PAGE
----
The miniature microwave clocks being developed at NIST are passive, vapor-cell references based on coherent population trapping (CPT). In most vapor-cell frequency references, which do not use CPT, the minimum size of the clock physics package is determined in part by the cavity that confines the microwaves used to excite the atoms. In order to be resonant, this cavity is usually larger than one-half the wavelength of the microwave radiation used to excite the atomic resonance. For hydrogen, cesium and rubidium, this wavelength is of the order of several centimeters, clearly posing a problem for the development of vapor-cell references for portable applications. Another, possibly more important, implication of the large physics package size is the power required to maintain the cell and cavity at the required temperature. It is desirable for frequency references to be useful over a reasonably wide range of temperatures. In addition, the atomic transition frequency typically has a modest dependence on the temperature of the cell. As a result, the cell temperature must be stabilized to some fixed value. If a large difference in temperature exists between the cell and the environment, a significant amount of power may be required to maintain the cell at its fixed temperature. The power depends on the size of the cell and can be as high of several watts for cells with volumes of the order of 1 cm3. Cell assemblies with smaller sizes are therefore advantageous from the point of view of power dissipation.

Because the CPT technique does not require a microwave field to be applied to the atoms in the cell, it is free from the limitations due to the wavelength of the microwave radiation. The performance of the clock therefore scales uniformly as the size is reduced from above the wavelength of the microwave radiation to below. As a result, it is possible to design and build frequency references far smaller than would ordinarily be possible with direct microwave excitation. In addition, vapor-cell frequency references based on CPT are in general simpler to implement because of the absence of a microwave cavity. Clocks based on CPT have been shown to have a stability comparable to that achieved in conventional, microwave-excited references, and some advantages in long-term stability may be gained through reduced Stark shifts. For these reasons, CPT appears to be the method of choice for small atomic clocks.

The overall design of our atomic clocks is shown in the figure above. The injection current of a diode laser is modulated at a frequency equal to one-half of the ground-state hyperfine splitting of the atoms. This modulation (a combination of FM and AM) produces sidebands on the optical carrier separated from the carrier by the modulation frequency. The two first-order sidebands are therefore separated by a frequency equal roughly to the atomic resonance frequency. These two first-order sidebands form the L optical configuration needed to excite the CPT resonance. The modulated light is passed through the atomic vapor, and the transmitted power is detected with a photodiode. As the modulation frequency is swept over the first subharmonic of the atomic resonance, a change in the transmission through the cell is observed. This change in transmission can then be used to determine how far the modulation frequency is from the atomic oscillation frequency, and to correct the modulation frequency as needed.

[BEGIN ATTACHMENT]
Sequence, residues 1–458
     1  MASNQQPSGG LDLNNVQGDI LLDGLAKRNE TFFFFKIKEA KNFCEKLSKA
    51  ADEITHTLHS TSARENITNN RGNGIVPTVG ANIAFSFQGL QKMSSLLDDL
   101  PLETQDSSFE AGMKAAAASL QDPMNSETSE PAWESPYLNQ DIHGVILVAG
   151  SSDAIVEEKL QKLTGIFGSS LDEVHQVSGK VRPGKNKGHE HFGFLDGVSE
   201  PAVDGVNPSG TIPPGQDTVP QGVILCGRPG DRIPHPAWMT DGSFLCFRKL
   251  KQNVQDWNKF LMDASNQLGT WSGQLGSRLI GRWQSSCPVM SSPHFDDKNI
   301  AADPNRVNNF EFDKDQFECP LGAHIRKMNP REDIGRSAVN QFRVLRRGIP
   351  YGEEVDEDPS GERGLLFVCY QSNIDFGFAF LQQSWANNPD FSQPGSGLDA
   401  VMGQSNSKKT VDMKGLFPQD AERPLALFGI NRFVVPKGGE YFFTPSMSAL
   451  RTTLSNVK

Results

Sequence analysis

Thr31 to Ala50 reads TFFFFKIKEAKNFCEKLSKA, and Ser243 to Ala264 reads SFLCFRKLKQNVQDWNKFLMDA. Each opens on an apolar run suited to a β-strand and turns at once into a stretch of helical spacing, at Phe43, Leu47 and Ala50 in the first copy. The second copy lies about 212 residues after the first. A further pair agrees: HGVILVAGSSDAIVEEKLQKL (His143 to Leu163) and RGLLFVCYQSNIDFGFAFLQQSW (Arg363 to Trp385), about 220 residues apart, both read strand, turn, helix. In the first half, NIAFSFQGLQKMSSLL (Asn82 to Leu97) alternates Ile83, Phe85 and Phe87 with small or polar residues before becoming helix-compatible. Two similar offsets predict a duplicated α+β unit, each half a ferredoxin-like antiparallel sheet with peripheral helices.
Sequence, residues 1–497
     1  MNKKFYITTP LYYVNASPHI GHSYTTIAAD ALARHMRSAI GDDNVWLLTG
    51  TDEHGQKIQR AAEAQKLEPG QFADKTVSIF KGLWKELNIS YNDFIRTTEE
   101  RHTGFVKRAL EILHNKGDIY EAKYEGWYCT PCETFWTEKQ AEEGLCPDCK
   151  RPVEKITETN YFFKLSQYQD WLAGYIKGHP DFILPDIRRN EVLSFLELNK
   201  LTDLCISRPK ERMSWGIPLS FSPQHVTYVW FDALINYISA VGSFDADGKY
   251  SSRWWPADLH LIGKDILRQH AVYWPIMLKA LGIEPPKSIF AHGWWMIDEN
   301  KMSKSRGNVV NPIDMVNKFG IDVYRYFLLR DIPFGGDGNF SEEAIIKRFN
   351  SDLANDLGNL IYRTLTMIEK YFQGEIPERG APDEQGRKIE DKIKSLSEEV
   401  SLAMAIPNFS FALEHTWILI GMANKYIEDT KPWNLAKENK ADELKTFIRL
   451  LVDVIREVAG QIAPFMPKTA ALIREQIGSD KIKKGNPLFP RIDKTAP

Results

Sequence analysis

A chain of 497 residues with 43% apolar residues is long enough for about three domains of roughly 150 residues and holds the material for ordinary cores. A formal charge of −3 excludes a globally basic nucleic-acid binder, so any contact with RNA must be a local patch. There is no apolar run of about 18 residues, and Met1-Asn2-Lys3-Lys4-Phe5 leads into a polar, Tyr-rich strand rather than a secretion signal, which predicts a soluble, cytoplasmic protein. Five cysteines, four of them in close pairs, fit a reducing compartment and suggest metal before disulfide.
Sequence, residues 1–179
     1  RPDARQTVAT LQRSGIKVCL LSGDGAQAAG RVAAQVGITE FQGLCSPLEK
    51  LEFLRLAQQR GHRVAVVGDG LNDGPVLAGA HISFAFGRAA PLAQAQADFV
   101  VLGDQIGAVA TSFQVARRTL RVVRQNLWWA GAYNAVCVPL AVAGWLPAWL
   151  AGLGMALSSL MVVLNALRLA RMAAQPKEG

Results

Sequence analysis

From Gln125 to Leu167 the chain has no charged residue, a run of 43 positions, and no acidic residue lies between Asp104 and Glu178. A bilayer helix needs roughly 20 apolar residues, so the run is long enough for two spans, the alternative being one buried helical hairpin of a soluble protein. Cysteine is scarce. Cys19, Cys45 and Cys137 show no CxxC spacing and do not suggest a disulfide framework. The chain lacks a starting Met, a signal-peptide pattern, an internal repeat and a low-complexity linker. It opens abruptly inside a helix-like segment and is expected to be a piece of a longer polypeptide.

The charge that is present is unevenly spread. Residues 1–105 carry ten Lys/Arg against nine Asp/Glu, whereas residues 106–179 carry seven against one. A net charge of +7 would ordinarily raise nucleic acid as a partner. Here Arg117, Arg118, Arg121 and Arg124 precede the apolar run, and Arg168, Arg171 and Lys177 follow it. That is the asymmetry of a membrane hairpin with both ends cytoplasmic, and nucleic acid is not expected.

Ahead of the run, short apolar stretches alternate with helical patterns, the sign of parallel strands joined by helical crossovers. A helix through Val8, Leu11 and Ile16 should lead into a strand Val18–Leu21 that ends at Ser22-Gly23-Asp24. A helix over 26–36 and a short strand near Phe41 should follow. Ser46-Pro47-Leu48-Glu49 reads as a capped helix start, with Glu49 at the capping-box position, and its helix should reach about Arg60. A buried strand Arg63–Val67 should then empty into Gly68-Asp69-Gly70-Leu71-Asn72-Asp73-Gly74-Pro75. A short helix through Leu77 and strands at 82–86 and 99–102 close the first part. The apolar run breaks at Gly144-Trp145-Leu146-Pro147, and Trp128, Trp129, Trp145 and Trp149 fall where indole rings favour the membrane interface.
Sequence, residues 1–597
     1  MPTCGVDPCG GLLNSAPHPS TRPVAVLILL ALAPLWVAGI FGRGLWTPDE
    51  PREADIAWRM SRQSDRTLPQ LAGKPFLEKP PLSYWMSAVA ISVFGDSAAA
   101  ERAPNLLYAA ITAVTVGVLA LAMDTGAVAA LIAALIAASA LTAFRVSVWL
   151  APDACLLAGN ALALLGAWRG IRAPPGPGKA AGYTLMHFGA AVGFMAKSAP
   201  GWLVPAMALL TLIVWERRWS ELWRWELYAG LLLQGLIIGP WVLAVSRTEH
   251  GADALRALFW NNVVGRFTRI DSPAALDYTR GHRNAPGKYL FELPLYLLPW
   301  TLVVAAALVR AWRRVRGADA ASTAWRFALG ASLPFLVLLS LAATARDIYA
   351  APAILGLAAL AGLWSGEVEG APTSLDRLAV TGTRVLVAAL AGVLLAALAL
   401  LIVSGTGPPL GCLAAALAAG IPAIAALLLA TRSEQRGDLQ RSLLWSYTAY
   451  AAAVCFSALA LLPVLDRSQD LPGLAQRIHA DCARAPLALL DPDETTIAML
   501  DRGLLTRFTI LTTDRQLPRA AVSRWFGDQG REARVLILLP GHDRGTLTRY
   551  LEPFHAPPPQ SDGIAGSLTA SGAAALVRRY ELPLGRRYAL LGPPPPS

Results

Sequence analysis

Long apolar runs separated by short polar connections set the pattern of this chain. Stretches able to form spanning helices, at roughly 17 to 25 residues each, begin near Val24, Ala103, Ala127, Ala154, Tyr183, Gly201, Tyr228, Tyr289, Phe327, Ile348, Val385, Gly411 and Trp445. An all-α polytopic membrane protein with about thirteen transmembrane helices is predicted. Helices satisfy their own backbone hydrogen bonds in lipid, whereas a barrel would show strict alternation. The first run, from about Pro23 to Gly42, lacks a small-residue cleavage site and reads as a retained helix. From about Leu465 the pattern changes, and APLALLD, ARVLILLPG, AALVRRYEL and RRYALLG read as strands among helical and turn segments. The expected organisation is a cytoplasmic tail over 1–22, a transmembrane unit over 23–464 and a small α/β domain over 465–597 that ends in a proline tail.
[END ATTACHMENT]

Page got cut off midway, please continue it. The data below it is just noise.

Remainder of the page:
Physical design of an atomic frequency reference based on CPT

                                    excitation of atomic hyperfine transitions.

The components required to excite the resonance are shown in the figure at left. The light is produced with a vertical-cavity surface-emitting laser (VCSEL), lasing near one of the optical transitions in an alkali atom. A VCSEL is used for several reasons. First, it has low threshold and operating currents, leading to low power dissipation. Second, VCSELs are usually designed to have high modulation bandwidths (because of the very small cavity size), which means that the optical sidebands on the carrier created by the modulation can contain a substantial amount of optical power even with a relatively small amount of RF modulating power. Finally, the vertical emission is advantageous with regard to our vertically integrated clock design.

Light from the VCSEL is conditioned by the optics subassembly, which consists of a collimating lens, a neutral-density filter and a quarter-wave plate. At the output of the optics assembly is a collimated light beam with circular polarization and an intensity of roughly 0.1 mW/cm2. The light then passes into the cell sub-assembly, which contains the vapor cell and two heater units to heat the cell to the required operating temperature (typically near 80 °C). The vapor cell is a sealed container, fabricated from glass and Si, that holds the alkali atoms along with a buffer gas to narrow the atomic hyperfine transition. Finally, a Si PIN photodiode detects the transmitted radiation.

For more information on the fabrication of individual components, the assembly of components into a frequency reference or the performance of the final device, please refer to the links provided.

Contact: Svenja Knappe


J. Kitching, S. Knappe, N. Vukicevic, L. Hollberg, R. Wynands, and W. Weidemann, "A microwave frequency reference based on VCSEL-driven dark line resonance in Cs vapor," IEEE Trans. Instrum. Meas., 49, 1313-1317, 2000.


CPT excitation of atomic hyperfine transitions by means of a modulated semiconductor laser.